An Edmonton Bulletin reporter, in quest of a “story” for his paper, had the good luck to corner the surgeon in his consulting-room. The result took the form of promotion for that reporter, following upon publication in the Bulletin of a many-headed three-column article which was quoted and reproduced all up and down America. Summaries of the “story” were cabled to Europe. Snap-shots of Dick and Jan were obtained by enterprising pressmen in Edmonton, and distributed quite profitably for their owners to the ends of all the earth. Many months afterward extracts and curiously garbled versions of this northland Odyssey cropped up in the news-sheets of Siam, the Philippines, Mauritius, Paraguay, and all manner of odd places.
Their London morning newspaper presented the matter at some length to the Nuthill household and to Dr. Vaughan in Sussex, while Dick and Jim Willis, five or six thousand miles away, were choosing a rifle to have Jan’s name inscribed upon it.
As a fact, the subject-matter of the story was sufficiently striking in character, for in a temperature of fifty below zero, with no other help than a little undersized husky bitch can give, it is no small matter for one man to drag a laden sled for twelve days while looking after a maniac who has come very near to killing him.
To this was added the romantic recovery of the famous “R.N.W.M.P. bloodhound,” as Jan was called; and that aspect of the business brought special joy to the newspaper writers. To some extent also, no doubt, it colored Dick’s addition to R.N.W.M.P. records, and caused that addition to figure more strikingly than it might otherwise have done in the archives of the corps.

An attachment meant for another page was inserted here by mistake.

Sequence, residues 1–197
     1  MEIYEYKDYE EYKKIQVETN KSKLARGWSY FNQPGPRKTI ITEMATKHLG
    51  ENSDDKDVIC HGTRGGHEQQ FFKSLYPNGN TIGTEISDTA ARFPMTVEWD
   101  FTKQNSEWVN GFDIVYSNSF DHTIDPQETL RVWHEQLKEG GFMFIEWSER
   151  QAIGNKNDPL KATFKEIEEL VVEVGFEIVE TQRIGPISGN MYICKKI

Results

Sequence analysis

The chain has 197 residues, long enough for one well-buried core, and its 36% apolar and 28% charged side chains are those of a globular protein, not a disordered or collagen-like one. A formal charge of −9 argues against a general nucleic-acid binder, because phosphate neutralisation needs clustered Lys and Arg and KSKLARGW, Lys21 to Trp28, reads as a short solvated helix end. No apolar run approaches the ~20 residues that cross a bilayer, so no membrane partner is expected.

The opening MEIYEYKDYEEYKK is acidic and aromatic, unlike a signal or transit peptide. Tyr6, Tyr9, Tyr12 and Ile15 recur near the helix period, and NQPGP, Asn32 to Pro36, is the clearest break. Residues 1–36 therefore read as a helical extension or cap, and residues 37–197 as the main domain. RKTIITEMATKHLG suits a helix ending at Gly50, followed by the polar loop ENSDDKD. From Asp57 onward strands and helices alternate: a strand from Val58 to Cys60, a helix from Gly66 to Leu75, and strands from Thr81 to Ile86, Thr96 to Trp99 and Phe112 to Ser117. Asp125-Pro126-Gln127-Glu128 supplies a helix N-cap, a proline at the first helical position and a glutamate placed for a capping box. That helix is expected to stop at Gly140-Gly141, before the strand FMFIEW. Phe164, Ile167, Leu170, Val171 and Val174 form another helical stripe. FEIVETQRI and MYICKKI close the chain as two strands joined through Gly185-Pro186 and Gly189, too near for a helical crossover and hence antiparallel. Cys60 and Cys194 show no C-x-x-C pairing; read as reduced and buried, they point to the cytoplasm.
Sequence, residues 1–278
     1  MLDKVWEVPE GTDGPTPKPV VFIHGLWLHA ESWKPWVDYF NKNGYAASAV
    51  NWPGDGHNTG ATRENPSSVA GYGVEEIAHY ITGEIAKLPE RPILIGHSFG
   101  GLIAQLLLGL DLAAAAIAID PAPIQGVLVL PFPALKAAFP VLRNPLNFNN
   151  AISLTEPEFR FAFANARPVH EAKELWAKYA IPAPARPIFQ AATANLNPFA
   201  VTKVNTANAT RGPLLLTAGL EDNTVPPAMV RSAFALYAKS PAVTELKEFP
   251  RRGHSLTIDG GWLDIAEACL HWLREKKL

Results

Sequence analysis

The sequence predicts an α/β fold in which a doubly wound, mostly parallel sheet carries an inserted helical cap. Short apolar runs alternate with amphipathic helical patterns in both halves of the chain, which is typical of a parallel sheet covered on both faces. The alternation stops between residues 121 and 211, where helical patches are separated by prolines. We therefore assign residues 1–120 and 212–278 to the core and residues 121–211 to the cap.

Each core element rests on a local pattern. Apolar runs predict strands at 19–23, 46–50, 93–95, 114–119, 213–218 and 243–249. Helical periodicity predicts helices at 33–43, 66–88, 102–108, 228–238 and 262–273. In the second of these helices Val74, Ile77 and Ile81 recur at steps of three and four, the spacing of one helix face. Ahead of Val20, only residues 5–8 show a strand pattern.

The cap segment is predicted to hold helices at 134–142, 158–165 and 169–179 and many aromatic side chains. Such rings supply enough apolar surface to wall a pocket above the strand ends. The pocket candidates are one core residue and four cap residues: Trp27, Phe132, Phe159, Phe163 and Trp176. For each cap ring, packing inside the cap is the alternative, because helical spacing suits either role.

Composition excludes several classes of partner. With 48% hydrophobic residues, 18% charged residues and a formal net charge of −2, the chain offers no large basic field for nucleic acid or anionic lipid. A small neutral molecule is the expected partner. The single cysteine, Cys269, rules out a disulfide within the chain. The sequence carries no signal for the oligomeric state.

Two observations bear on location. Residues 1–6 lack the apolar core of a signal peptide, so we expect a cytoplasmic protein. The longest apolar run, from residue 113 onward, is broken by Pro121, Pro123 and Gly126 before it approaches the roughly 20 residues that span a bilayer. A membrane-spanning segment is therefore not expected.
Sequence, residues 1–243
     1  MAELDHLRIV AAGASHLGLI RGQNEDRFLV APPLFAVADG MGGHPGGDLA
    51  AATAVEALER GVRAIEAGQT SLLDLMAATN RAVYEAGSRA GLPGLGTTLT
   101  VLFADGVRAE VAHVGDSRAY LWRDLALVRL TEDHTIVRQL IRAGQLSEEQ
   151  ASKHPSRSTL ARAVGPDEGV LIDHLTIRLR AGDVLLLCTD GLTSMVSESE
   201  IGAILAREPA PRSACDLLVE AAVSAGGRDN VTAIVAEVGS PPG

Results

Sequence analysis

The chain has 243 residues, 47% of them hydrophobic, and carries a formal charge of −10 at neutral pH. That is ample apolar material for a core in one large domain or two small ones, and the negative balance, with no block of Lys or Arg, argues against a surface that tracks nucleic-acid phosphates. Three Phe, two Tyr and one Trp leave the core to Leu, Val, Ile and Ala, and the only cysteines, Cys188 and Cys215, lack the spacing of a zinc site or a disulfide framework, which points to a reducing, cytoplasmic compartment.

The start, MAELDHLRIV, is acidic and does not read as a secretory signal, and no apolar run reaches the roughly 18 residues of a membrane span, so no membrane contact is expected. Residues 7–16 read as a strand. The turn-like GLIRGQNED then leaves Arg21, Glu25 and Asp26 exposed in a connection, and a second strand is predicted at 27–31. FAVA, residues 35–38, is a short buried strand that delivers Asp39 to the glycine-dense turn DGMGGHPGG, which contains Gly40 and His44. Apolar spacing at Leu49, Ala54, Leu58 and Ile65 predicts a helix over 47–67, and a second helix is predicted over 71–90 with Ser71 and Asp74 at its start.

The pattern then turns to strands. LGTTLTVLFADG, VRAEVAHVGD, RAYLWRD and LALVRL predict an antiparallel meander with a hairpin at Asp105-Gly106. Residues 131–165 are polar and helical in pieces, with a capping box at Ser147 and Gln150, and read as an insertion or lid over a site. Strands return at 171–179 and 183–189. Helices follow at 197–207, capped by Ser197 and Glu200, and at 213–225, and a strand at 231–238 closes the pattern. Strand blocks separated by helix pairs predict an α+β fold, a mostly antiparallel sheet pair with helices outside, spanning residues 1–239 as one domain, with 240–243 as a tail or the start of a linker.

A quaint thing about it all was the fact that every one else knew more about it than the two men most concerned, for it happened that neither Dick Vaughan nor Jim Willis had ever cultivated the newspaper habit. Willis was hugely startled and embarrassed, hundreds of miles away in Vancouver, to find himself suddenly famous.
In Edmonton Dick Vaughan presented a very stern front to the snap-shooters because he conceived the idea that he and Jan were being guyed in some way. By the reporters he was presently given up as hopeless, because he simply declined to tell them anything. Their inquiries touched his professional pride as a disciplined man, and they were told that Dick could have nothing whatever to say to them with regard to his official duties. But his innocence made surprisingly little difference in the long run. The surgeon’s story was real journalistic treasure-trove, the richest possible kind of mine for ingenious writers to delve in; and after all the most determined reticence in no way affects the working of cameras.
Withal, the welcome prepared for Dick and Jan at Regina station was hardly less than alarming for one of the two men in Canada and the United States who had not read the newspapers.